SCC Rulings That Affected the
Alberta School Board Association
Spring General Meeting – June 8, 2010
A Governance Odyssey
Senior Legal Counsel, ASBA
A Review of Supreme Court of
Canada Decisions and their
Impact on School Board
R. v Jones  2 S.C.R. 284
Early SCC decision on the freedom of religion
and the right to security of a person
Issue– Whether compulsory education law in
Alberta violated these constitutional rights.
Appeal by accused from convictions on three
counts of truancies on the part of his children,
contrary to section 180(1) of the Alberta School
Accused refused to seek provincial approval for
the education of his children, along with some
20 others in a program he operated at his
church, based the belief that his authority over
his children and his duty to attend to their
education came from God, and that it would be
sinful to request the state to permit him to do
The Supreme Court upheld the convictions. The
School Act did not infringe the accused fundamental
right to freedom of religion.
Provinces have a compelling interest in student
education and are entitled to place “reasonable”
restrictions on an individual’s fundamental
freedoms as they affect education.
Court should not usurp or overrule the role of
educational authorities or the architects of
School officials need administrative flexibility to
Courts have shown that they will defer to the
expertise of school officials who work within and
are knowledgeable of a statutory educational
Provinces have the right to impose a minimum of
standards on persons who wish to educate their
children outside the publicly funded school
In Jones, the imposition of minimum standards did
not violate Mr. Jones freedom of religion.
The compulsory attendance law was upheld by the
Eaton v Brandt County Board of
Education  1 SCR 244
The parents of a 12 year old girl with cerebral
palsy who was incapable of communicating
through speech, sign language or other
alternative communication systems, brought an
action against the Board alleging that Emily’s
equality rights under section 15 of the Charter
had been breached.
Early important decision of the SCC as to the
meaning of student’s disability in light of
equality rights under the Charter.
The court recognizes disability means vastly
different things depending upon the individual
Produces the “difference dilemma” whereby
segregation can be both protective of equality and
violative of equality, depending upon the person
and the state of disability.
The Court’s recognition that as a child’s
equality of rights are exercised by their
parents, that the decision making body (i.e.
Board) must ensure that its determination of
appropriate accommodation for an
exceptional child be made from a subjective,
child centre perspective.
Equality must be meaningful from the child’s
point of view as opposed to the adult’s in his
or her life.
This does not negate the importance of
consultation with parents.
Section 47 of the School Act requires
consultation with a parent of a student and,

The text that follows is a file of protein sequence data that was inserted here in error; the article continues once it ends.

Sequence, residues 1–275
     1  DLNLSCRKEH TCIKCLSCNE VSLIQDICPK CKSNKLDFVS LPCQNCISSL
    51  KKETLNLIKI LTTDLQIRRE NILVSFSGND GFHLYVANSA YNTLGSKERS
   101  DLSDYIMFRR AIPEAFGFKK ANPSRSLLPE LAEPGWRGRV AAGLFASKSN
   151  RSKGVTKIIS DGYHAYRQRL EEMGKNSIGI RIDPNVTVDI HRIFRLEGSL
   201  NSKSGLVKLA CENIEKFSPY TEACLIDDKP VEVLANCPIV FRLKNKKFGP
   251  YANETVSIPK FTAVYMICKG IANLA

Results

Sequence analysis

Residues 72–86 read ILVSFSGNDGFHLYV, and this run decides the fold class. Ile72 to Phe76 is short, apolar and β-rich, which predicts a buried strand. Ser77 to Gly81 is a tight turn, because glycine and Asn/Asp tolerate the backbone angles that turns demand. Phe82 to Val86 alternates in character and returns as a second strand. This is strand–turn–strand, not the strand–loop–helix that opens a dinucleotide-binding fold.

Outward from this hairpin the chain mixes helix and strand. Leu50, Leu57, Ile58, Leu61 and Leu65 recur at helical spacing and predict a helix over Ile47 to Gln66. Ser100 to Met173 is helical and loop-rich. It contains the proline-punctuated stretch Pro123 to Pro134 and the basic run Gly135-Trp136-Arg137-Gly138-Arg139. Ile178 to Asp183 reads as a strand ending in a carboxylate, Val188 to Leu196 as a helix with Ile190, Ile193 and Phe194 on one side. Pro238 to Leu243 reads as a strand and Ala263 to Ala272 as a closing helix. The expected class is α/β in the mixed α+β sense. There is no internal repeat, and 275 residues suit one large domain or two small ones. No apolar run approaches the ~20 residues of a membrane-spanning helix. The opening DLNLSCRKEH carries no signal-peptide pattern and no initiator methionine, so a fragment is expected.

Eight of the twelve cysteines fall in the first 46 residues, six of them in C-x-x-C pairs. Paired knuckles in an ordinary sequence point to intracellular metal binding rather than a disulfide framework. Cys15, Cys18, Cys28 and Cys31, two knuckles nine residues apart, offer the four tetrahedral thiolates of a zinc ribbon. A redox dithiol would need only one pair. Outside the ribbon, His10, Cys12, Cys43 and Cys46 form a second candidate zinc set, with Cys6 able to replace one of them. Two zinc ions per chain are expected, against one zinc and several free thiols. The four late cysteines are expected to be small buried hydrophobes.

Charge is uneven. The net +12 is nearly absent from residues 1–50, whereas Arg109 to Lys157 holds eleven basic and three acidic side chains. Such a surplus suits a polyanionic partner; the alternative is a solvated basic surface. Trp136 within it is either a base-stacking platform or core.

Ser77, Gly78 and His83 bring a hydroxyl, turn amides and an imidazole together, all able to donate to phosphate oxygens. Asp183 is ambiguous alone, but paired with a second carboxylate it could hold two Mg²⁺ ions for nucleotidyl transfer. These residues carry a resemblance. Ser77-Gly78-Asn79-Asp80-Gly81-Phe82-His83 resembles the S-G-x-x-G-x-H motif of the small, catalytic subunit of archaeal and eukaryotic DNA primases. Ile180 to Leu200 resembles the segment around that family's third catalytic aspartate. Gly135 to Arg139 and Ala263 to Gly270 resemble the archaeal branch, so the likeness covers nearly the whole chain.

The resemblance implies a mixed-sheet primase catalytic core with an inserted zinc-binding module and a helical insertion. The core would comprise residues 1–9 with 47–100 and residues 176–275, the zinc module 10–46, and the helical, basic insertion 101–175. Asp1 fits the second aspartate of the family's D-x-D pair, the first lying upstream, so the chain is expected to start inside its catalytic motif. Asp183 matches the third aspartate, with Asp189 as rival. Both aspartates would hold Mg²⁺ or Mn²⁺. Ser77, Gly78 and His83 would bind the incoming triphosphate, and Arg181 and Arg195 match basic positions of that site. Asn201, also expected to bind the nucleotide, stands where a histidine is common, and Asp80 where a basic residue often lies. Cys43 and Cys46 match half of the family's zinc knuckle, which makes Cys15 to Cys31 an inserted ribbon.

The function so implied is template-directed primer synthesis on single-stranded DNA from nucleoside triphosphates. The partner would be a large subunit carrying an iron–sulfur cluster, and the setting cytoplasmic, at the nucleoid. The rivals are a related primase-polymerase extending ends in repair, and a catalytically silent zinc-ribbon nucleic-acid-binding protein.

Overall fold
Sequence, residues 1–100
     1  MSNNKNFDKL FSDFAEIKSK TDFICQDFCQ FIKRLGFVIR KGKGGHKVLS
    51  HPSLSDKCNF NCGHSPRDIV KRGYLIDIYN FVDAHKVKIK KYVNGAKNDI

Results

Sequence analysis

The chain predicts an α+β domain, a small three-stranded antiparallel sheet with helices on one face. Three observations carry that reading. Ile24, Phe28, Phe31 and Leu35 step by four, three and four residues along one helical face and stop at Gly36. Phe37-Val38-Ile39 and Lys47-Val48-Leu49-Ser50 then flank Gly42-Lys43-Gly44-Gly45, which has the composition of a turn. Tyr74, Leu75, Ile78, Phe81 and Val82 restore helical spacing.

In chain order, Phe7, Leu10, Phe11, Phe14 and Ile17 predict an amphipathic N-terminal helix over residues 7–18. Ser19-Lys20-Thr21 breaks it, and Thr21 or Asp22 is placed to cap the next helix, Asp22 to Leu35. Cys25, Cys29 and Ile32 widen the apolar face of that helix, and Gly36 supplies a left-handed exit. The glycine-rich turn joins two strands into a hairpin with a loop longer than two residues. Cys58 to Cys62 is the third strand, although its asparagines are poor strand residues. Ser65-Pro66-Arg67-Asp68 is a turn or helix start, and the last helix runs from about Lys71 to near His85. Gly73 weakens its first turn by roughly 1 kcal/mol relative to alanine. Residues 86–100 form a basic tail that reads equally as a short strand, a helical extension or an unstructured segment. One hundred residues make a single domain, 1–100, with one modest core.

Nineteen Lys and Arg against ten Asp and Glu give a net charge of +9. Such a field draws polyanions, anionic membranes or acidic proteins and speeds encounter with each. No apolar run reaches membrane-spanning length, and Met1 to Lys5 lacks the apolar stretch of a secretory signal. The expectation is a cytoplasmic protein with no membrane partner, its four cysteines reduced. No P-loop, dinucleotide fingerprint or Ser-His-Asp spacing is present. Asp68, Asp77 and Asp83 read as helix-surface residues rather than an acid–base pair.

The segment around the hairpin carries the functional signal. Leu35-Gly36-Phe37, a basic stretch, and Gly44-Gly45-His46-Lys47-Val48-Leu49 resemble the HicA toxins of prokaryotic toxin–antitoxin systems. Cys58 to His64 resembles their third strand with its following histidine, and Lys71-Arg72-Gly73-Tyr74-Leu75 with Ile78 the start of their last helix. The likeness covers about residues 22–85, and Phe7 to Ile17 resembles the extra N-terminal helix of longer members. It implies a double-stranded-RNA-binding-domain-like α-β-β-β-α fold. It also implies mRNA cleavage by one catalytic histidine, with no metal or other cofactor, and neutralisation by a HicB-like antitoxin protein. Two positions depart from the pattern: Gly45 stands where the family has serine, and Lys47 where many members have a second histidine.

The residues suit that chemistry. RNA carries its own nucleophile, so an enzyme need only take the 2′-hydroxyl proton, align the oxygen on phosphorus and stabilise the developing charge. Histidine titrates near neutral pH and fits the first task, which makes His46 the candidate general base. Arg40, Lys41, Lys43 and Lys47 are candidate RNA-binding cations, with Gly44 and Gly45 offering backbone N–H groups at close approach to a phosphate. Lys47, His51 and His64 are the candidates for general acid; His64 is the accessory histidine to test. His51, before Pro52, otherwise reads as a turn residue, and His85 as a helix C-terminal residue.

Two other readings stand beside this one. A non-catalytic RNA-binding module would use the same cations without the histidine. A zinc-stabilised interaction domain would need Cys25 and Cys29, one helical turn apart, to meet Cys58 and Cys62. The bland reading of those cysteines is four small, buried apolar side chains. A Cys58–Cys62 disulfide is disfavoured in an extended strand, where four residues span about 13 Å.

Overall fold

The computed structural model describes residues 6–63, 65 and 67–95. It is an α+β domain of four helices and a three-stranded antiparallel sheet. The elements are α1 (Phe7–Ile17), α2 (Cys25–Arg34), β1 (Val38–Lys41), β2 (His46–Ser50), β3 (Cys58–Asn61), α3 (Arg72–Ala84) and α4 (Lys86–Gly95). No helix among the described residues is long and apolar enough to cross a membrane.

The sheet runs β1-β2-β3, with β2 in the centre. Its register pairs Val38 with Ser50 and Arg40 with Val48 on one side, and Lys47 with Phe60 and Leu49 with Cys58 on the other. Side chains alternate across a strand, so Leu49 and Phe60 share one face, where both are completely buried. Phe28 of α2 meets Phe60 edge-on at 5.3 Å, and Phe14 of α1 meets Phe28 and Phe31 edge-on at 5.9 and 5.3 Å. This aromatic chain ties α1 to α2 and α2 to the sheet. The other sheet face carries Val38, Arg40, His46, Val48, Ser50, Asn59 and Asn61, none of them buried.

where appropriate, with the student before a
board places the student in a special education
SCC upheld the Board’s placement
No finding of discrimination on the basis of
Appropriate accommodation for an exceptional
child was determined from a child centered
approach and not from the perspective of adults
in her life.
Understanding of appropriate needs for
exceptional children must be determined with a
view to supporting the best interests of that child.
Board personnel must consult with the parents of
the student and the student where appropriate in
making such decisions.
The courts will defer to the expertise of school
officials which demonstrates reasonable support
SCC recognition that a student’s rights and
interests are separate and distinct from their
parents, and that the parent’s views will not be
determinative of the course of action to be
undertaken by the Board.
R. v M (MR)  3 S.C.R. 393
SCC rules on student searches upholding
decision of school authority which had,
through the vice-principal, conducted a search
on a student at school dance in the presence
of a police officer.
The student argued that the right to be free from
unreasonable search and seizure under section 8
of the Charter had been violated.
SCC upholds expectation of privacy with respect
to one’s person as reasonable and notes that it is
not rendered unreasonable merely by the student’s
presence at the school.
The student’s privacy rights are however
diminished in some circumstances. Expectation
of privacy is lower for a student attending school
than it would be in other circumstances, based
upon the school’s responsibility for maintaining
order and discipline.
The court applies different standard to searches
by school administrators.
A search by a school official with appropriate
authority may be undertaken if there are
reasonable grounds to believe that a school rule
has been, or is being violated and that evidence of
the violation will be found on the location or on
the person of the student searched.
Searches undertaken for health and safety